September 1991
Valerie Gladstone

Mary Ellen Mark, Pinky, Shiva ji, and Laxmi, Great Royal Circus. Junadagh, India, 1990 (platinum print, 13 3/4" x 19).

Famed photojournalist Mary Ellen Mark has spent twenty‑five years pursuing the lost, the marginal, and the mad. Typical Mark subjects include America's homeless, patients at an Oregon mental hospital, Mother Teresa's missions of charity in Calcutta, and prostitutes in Bombay. This month, Castelli Graphics in New York City hosts an exhibit of her Indian circus photographs, which document a century‑old tradition now on the verge of extinction. Simul­taneously, Mark's complete work can be seen in a full‑scale retrospective at Manhattan's International Center of Photography (Midtown).

"As soon as I discovered the Indian circuses, I knew I had to photograph them," says the fifty‑one‑year‑old Mark, who is known for her intense devotion to her subjects. (She spent months traveling with more than a dozen troupes to establish the intimacy that her pictures reflect.) "The performers are so disciplined, the trainers so loving with their animals." Mark then transferred her enthusiasm for the circuses to her friend John Irving, who has written what she describes as "an incredibly beautiful screenplay" about them. Mark begins production on the film entitled Son of the Circus, next fall, with her husband, British filmmaker Martin Bell.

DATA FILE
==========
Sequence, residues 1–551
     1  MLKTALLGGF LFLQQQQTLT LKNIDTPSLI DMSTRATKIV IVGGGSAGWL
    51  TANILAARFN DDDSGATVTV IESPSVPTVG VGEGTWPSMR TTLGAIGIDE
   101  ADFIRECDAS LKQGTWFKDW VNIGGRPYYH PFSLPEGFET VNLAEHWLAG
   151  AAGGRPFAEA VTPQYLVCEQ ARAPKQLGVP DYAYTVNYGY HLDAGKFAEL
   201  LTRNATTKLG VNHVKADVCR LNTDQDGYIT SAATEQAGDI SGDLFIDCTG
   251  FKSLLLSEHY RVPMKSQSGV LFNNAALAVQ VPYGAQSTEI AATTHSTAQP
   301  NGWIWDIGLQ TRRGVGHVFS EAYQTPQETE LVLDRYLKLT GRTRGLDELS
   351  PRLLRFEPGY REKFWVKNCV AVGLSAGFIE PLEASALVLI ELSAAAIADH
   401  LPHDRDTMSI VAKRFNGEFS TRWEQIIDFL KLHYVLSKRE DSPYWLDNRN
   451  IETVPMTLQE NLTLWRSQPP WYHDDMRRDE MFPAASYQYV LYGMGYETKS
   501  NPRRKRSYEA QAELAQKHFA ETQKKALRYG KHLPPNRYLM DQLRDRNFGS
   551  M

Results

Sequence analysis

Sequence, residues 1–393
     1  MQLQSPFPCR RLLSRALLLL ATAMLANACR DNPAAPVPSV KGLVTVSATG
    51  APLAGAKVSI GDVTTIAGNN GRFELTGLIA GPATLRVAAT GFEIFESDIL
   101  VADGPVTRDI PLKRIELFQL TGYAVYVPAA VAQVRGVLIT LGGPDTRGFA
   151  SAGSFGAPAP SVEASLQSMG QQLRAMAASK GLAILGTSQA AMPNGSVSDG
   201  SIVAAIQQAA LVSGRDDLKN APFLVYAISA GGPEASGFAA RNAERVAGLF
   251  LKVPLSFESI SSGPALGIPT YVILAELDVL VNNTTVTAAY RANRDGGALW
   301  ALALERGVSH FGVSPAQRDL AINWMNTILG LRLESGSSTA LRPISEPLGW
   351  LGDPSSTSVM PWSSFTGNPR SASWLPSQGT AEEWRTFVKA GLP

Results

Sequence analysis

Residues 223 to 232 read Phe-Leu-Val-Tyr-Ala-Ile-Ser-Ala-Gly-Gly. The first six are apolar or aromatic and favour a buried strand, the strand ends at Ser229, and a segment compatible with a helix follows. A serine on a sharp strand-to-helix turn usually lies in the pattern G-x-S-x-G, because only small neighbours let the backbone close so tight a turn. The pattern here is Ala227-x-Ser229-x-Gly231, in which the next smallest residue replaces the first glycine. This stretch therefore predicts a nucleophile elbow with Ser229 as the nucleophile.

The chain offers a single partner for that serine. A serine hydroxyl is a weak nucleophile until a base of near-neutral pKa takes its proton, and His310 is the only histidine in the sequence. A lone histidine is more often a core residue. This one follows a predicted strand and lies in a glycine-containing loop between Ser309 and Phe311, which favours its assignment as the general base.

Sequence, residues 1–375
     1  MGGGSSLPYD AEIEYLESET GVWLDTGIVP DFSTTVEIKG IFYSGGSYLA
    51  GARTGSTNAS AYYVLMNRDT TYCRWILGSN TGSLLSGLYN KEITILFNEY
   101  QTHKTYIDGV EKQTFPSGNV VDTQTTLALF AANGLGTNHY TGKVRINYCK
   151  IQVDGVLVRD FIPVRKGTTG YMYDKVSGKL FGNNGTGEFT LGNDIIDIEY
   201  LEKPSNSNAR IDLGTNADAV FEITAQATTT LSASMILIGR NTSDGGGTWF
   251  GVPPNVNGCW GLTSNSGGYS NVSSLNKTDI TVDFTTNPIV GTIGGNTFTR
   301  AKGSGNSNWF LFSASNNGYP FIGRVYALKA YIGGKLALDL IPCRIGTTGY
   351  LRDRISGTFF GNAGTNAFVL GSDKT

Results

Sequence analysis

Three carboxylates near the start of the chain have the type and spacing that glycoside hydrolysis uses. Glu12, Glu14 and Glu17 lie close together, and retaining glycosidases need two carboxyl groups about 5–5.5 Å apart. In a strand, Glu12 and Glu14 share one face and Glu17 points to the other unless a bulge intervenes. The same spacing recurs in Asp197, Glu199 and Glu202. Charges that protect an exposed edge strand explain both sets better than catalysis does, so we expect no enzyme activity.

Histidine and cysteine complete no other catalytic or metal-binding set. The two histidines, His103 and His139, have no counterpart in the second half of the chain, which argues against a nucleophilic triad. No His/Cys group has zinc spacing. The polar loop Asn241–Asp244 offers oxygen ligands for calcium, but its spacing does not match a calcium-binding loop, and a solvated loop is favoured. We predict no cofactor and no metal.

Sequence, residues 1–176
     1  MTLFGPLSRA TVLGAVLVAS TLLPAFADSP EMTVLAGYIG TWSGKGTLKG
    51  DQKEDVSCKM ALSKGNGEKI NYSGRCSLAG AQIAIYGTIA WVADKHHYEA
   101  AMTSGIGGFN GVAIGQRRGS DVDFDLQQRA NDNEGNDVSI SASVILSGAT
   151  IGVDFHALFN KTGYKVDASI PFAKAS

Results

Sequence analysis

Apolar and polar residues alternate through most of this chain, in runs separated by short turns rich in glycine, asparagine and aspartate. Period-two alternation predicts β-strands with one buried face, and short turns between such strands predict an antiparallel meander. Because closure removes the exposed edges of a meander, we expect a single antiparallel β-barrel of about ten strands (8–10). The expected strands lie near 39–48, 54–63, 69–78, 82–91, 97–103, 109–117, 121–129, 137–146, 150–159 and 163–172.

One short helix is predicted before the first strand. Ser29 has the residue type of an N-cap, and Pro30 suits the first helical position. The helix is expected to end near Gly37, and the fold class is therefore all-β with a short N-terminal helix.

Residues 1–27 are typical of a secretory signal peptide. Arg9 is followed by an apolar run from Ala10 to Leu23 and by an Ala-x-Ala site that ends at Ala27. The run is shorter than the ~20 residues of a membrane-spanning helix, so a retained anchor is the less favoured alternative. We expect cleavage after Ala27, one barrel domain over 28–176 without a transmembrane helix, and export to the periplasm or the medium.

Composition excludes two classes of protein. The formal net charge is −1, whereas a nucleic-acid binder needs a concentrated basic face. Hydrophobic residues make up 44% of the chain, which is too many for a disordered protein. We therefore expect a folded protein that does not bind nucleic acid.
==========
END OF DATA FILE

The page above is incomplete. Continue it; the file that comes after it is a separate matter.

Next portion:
Castelli Graphics, 578 Broadway, New York, NY 10012; 212‑941‑9855; beginning September. International Center of Photography (Midtown); 1133 Avenue of the Americas, New York, NY 10036; 212‑768‑4682 September 6 through November 17.